Winston Chmielinksi didn't run away to Paris as a teenager, but he thought about it. "I planned to move there and have a second life, then come back with a beard and introduce her to my parents," says the 24-year-old artist. The beard turned out to be unnecessary -- as he realized when his sister precipitated him by coming out first -- and though he didn't make it to Paris, he found another kind of escape in art. By the age of 16 he was obsessed with copying work he found on the website DeviantArt.com, discovering his own path through the work of others until he mastered a style of his own.
From the carnality and abstraction of Francis Bacon to the sensuality and vivacity of Monet, there are plenty of reference points for Chmielinski's energetic, colorful canvases, and yet his work is defiantly his own. Those radiant candy colors that illuminate his paintings hark back to his discovery of art--not in a gallery, but browsing his computer late at night. "I didn't go out and look at paintings -- I studied everything through the computer, so the glow you get through a computer screen I try to translate into my paintings," he says.
When he wasn't looking at art, Chmielinski was checking out guys on Craigslist. "You can imagine the kind of chats and pictures I logged from the web," he says. "I was presenting myself online as a face without a body. And then you look at my paintings from that time, and they're all pedestaled visages. The body became an eruption of paint. I was completely stuck at the neck."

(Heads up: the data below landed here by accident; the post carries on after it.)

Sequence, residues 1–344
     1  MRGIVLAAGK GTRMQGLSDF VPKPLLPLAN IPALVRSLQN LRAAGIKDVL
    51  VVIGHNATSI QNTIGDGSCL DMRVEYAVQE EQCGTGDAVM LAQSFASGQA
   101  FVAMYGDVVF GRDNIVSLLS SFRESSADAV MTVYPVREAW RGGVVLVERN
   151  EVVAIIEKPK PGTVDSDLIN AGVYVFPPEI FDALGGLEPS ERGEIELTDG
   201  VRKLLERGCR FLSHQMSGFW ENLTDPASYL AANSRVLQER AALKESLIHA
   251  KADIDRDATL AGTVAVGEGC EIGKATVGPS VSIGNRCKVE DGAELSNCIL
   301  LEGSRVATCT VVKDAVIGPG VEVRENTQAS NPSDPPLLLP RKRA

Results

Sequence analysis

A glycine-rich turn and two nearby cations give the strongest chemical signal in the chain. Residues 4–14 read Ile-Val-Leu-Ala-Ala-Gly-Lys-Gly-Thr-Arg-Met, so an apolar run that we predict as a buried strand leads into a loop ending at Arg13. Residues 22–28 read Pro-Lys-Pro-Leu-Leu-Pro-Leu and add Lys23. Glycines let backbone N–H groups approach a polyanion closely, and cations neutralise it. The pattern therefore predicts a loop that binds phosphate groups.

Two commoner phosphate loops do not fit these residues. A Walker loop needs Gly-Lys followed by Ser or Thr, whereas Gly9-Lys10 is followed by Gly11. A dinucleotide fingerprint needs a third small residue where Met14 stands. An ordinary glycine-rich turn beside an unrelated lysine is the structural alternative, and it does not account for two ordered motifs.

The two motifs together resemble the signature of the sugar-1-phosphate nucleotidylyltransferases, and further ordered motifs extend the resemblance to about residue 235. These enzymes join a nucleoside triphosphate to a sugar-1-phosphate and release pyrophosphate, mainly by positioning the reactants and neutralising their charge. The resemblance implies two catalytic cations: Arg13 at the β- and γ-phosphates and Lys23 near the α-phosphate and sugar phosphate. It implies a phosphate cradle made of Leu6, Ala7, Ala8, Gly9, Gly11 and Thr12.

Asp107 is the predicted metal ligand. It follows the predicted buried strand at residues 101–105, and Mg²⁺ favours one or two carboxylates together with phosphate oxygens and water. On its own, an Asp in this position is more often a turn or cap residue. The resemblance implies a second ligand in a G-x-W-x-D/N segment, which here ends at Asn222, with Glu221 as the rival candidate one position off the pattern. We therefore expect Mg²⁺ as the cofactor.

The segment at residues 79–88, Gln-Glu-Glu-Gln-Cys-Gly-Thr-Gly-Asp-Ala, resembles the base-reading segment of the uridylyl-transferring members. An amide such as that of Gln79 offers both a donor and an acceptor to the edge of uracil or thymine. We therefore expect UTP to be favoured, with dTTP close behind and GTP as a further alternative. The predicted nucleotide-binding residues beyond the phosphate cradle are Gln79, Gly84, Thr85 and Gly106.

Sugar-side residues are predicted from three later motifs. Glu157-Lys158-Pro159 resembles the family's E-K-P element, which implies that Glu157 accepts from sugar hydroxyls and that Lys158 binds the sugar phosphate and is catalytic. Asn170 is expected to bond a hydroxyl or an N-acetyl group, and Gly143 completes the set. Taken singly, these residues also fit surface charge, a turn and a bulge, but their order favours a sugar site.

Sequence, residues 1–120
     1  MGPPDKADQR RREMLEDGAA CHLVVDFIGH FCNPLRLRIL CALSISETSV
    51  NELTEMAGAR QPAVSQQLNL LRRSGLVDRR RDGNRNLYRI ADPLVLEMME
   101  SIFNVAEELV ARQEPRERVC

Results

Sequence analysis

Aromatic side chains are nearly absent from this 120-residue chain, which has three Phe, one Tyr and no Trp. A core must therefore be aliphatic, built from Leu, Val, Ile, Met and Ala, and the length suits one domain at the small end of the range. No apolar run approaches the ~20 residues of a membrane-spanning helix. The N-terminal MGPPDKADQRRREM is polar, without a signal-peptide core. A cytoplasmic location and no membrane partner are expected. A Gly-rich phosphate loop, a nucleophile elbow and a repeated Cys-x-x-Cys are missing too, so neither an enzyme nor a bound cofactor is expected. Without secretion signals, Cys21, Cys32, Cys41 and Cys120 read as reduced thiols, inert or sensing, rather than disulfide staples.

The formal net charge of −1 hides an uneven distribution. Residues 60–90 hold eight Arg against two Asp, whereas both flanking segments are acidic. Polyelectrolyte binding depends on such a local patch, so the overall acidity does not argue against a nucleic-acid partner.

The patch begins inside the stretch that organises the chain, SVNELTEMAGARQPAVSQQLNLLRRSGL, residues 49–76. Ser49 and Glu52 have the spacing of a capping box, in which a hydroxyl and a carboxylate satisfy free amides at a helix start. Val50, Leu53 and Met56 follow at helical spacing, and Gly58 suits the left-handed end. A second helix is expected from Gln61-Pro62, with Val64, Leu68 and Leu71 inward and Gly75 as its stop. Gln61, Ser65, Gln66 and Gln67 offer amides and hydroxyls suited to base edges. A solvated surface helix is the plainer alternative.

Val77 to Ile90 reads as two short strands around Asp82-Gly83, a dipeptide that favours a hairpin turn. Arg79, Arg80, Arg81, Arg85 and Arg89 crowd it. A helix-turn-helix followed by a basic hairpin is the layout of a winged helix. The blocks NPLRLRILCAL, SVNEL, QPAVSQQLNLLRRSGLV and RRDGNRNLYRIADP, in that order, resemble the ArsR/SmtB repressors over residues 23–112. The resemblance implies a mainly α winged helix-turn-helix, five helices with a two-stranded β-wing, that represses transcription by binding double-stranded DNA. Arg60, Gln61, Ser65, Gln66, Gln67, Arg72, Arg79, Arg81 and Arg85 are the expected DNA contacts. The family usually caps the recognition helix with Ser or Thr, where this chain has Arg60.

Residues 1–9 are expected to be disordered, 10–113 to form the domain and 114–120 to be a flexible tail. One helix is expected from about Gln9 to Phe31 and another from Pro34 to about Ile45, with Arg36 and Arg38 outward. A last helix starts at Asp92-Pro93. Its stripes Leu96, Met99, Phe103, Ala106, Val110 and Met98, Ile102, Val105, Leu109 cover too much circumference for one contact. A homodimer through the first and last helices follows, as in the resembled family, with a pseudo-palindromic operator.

In person Chmielinski is thoughtful, smart, and self-aware. His father is half-Polish and his mother is Hong Kong Chinese, a dueling mix of identities he's learned to play with and sometimes exploit. Being gay adds another layer to the mix; you detect in his work the self-reflecting gay male gaze, though identity is a slippery thing to pin down. He likes it that way. "People will say, 'Oh, I love that portrait of a man,' when in fact I was referencing a photo of a woman, or they'll say, 'I love that self-portrait,' when it's not me at all," he says. "That happens through a kind of removing of all the little twists on a form that would make it identifiable."
There is, too, the visceral thrill of the great swathes of color that race across Chmielinksi's work. He ascribes the headlong, ephemeral quality of his style to the circumstances of living in New York--a shared studio space, the constant jostle -- and thinks his current sojourn in Berlin will slow everything down a little. "Here I feel I can experiment with patience and give time to my work," he says. "Away from the context of friends and my gallery in New York, I am just a person exploring. Hopefully that will bring me back to a more intuitive state of creation."